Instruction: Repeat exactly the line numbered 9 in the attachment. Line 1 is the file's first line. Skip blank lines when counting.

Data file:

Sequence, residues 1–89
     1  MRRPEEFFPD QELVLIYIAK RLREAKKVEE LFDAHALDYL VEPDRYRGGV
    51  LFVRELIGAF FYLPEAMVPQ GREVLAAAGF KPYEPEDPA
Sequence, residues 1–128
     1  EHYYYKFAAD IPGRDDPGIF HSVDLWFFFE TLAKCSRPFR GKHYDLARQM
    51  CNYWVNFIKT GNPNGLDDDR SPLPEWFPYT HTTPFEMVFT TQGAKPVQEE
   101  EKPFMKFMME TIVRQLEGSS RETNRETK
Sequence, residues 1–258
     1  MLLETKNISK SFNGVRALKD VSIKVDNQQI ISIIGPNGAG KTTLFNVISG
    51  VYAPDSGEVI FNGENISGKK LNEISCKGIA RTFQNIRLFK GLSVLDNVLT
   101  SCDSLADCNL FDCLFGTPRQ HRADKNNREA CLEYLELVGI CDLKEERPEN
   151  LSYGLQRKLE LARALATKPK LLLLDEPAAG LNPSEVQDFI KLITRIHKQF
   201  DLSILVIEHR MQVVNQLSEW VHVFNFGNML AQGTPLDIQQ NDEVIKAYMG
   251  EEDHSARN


     1  MLLETKNISK SFNGVRALKD VSIKVDNQQI ISIIGPNGAG KTTLFNVISG